A manager at a “medically unsafe” Adelaide mental health facility has had his licence to practise revoked almost six years after an investigation found damning evidence of patient neglect.
Kerim Frederick Skelton failed to adequately supervise and manage staff for the care of vulnerable, elderly people who were, in many cases, suffering from significant disabilities or other medical conditions, the South Australian Civil and Administrative Tribunal found after an investigation by health regulator AHPRA.
Skelton, who was nursing director of the Older Persons Mental Health Facility in Oakden between 2010 to 2016, had his nursing registration cancelled and was disqualified from applying again for 12 years.
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“These vulnerable residents put their trust in nurses, managers and facilities to care for them when they need it most and it’s important that this trust is upheld,” Nursing and Midwifery Board of Australia chair Veronica Casey said.
“A disqualification as long as this highlights the severity of what went on at Oakden and sends a strong message to those in the industry that we must maintain safe and supportive work environments at all levels.”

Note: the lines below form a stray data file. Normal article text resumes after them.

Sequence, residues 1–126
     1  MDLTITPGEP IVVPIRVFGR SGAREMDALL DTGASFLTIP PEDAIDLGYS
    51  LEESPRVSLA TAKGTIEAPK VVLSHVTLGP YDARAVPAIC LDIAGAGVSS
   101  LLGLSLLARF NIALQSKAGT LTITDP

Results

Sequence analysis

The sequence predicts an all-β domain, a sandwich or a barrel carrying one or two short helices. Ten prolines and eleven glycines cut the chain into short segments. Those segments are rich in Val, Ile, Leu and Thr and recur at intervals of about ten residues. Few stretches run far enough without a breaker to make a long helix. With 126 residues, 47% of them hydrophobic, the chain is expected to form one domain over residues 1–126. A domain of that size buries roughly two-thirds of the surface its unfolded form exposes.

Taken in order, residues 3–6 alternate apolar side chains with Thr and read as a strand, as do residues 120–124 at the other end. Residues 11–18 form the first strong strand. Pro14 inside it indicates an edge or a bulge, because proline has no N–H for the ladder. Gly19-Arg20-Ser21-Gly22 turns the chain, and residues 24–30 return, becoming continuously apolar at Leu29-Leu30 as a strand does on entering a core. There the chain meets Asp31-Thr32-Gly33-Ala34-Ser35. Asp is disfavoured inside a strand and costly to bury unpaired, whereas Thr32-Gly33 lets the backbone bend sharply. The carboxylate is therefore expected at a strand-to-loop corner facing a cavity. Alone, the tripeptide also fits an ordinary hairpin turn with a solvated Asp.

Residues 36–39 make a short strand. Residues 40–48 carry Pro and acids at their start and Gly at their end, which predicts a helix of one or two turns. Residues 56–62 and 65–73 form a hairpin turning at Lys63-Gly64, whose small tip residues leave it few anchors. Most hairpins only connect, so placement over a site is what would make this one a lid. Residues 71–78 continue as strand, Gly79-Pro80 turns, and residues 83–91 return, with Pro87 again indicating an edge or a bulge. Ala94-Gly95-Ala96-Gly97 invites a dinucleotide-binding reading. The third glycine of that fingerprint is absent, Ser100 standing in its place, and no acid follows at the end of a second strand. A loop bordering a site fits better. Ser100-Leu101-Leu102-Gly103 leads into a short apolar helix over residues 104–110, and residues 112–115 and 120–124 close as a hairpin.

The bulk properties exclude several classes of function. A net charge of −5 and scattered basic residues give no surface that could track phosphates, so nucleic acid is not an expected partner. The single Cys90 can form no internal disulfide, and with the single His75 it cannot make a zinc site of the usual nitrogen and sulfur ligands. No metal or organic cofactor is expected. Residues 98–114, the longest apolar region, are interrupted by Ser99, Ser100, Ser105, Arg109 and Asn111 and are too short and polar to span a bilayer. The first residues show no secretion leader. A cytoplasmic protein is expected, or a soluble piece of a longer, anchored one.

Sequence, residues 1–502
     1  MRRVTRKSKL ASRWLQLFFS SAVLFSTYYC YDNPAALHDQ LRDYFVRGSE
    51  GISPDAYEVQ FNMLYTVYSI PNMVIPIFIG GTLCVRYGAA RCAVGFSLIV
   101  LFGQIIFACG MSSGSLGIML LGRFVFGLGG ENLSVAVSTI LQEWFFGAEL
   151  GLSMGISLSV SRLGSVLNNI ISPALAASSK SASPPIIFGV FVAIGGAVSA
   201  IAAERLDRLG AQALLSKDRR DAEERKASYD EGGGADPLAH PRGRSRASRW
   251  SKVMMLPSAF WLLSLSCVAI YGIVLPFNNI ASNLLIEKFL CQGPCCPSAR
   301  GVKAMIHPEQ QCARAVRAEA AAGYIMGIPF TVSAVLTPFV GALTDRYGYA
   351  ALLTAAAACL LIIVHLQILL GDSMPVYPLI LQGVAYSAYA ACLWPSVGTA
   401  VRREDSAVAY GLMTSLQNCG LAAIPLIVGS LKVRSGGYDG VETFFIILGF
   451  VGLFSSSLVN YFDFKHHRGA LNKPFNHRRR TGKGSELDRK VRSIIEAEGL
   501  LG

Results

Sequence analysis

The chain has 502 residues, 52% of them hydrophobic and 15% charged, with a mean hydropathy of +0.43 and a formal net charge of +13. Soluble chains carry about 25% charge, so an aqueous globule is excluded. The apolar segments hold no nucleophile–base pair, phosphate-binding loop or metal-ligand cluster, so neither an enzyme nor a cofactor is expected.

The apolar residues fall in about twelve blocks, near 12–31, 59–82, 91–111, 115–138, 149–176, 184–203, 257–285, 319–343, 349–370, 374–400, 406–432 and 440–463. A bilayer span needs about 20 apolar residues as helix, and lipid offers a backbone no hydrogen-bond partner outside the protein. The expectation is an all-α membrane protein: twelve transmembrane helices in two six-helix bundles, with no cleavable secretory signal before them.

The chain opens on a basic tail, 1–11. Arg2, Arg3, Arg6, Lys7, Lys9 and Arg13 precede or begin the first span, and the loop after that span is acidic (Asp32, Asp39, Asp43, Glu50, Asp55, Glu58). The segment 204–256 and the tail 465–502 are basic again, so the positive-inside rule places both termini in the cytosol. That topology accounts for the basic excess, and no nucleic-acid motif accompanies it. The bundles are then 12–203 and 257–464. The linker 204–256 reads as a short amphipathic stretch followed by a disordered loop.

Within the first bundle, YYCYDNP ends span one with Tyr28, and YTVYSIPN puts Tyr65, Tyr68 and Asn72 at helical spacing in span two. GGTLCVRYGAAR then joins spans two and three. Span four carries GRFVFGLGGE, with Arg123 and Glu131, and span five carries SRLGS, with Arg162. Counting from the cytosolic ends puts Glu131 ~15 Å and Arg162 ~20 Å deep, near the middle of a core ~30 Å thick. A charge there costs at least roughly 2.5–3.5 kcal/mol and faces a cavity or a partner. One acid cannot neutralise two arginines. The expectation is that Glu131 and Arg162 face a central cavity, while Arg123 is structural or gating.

The facility was closed in 2017 after a scathing review by South Australia’s chief psychiatrist uncovered rough handling of patients, an excessive use of restraints and a concerning level of injuries among its residents.
In 2018, the South Australian corruption watchdog released a report into Oakden, which found its residents suffered neglect due to a shortage of staff that rendered the facility “medically unsafe”.
The then-Independent Commissioner Against Corruption Bruce Lander described Oakden as a disgrace and declared the affair a “shameful chapter in the state’s history”.
Skelton is the second manager at the facility to be disqualified from nursing in two months after Julie Harrison, who held various management roles at Oakden, was handed a 10-year ban from applying for registration in December.
The tribunal found Skelton neglected to address the failings under his watch or take adequate steps to prevent the excessive and inappropriate use of restraints by staff.
Skelton co-operated with the hearing and expressed contrition and remorse for his role in the Oakden affair, the tribunal said.
He acknowledged that “his failings were significant and warrant a clear message being sent to him and other nurses that such failings cannot be allowed to happen again”.
AHPRA chief executive Martin Fletcher said the “shameful failures” at Oakden must never be repeated.